The unintended consequences of `no kill' shelters
Article Last Updated: 12/09/2007 09:02:25 PM PST
For years, various animal-rights activists have demanded - sometimes violently - the Los Angeles animal shelters embrace a "no kill" policy. And they have largely got what they wanted - plus some unintended consequences they surely didn't.
Over the last five years, the number of animals euthanized in L.A. shelters has been cut in half, from 37,024 to 17,881. But with that gain come trade-offs.
Keeping large numbers of unadoptable pets alive means shelters will be more crowded. Animals can't be as closely monitored. Contagious illnesses will spread, and violent animals will more often prey on weaker ones.
So while euthanasia rates have gone down, animal deaths from other causes - including illness and attacks - have gone up from 1,462 to 3,312 a year, a 127 percent increase.
Some of this, to be sure, could be prevented with better management at the shelters. But some, too, is no doubt unavoidable. The more animals in a shelter - especially violent, old, sick or injured ones - the more that will eventually die in shelters.
Whether it's better for animals to die from a painful sickness, or after a vicious attack, or from old age, instead of by being painlessly put down, is a matter we'll leave for the ethicists and animal-rights champions to decide. But certainly the numbers raise the question of whether "no kill" can realistically be a goal worth pursuing.
Regarding the “unintended consequences of no-kill sheltering,” the author assumes LA is a model of no-kill.
This is far, far from the case. LA still has a kill or let die rate of more than 43%, and is no-kill by General Manager’s mouth only. He has claimed having led two other shelter systems nearly to No-Kill but who has utterly failed to take any of those systems anywhere near no-kill. Boks claims to be a no-kill guru which got him his job as Director of the NYC Animal Care and control, where he failed, and then as GM of LA, again where he has failed.
If you take cities that really are no-kill or almost no-kill, such as San Francisco, Charlottesville, N.C., Tompkins Co, N.Y. and a very few others, the save rate of all live animals coming into the shelter is 90% (87% S.F.). The 10% that die—that do not leave the shelter alive--are from a combination of euthanasia, fighting, disease and injury. Overcrowding is not a factor. LA kills-lets die 300% more than that with a save rate of 55%.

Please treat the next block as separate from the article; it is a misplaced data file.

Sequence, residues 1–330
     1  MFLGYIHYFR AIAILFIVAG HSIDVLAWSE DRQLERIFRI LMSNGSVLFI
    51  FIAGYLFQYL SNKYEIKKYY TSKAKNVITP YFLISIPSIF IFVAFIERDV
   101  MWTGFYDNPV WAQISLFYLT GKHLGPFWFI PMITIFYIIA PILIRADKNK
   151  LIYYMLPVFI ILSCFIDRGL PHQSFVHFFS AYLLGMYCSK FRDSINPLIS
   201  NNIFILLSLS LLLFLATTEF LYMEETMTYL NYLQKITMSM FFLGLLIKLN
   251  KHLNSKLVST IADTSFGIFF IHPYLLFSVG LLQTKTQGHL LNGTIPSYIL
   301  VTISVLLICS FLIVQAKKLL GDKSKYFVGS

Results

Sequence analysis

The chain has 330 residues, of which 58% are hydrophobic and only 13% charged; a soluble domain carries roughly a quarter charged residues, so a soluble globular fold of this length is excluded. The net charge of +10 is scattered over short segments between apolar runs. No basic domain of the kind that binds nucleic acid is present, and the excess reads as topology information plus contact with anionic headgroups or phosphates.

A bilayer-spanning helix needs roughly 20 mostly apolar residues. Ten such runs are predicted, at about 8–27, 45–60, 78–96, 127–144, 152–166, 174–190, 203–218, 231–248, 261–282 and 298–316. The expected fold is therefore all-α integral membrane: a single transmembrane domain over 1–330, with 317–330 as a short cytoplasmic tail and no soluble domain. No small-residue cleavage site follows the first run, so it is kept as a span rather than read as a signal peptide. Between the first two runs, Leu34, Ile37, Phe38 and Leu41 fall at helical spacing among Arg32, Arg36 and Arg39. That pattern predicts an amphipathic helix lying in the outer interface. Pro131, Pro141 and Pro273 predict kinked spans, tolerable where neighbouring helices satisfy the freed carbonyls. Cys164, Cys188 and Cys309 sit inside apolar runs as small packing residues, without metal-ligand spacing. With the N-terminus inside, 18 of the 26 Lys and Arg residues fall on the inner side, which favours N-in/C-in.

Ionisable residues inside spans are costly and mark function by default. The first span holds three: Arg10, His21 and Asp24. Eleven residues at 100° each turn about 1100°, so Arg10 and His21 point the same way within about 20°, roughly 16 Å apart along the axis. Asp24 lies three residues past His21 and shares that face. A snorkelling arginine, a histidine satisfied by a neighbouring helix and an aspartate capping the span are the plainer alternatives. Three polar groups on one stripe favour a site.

Ed Boks uses the excuse that the increase in death rate is due to more older and sick animals, but he allows no one to check the actual statistics regarding the condition of the animals on impound, nor the treatment received. The author must not assume that the reasons Boks cites for his failure to bring LA to no-kill are true, or that true no-kill shelters markedly increase death rates by disease and injury, therefore have caused increased suffering.
ANOTHER COMMENTER'S RESPONSE:
"Nokill" doesn't make more animals die. That's the most ridiculous thing I've ever heard. Now Boks is blaming his failure on "nokill."
One, LA is not nokill. Two, trying to be nokill will not cause more animals to die naturally. More animals are dying from overcrowding, lack of proper care and Boks' orders.
Boks sent a memo to all employees stating that they are not allowed to euthanize animals if they are dying. He basically told them to let them die. This was right before "nokill" March. They can only euthanize for lack of space on his orders.
I feel that Boks is allowing these animals to die a slow, painful death from illness and injury to improve his numbers and to spite the activists. He is committing animal neglect, animal cruelty. He did the same in New York, and was fired. Our Mayor just doesn't care.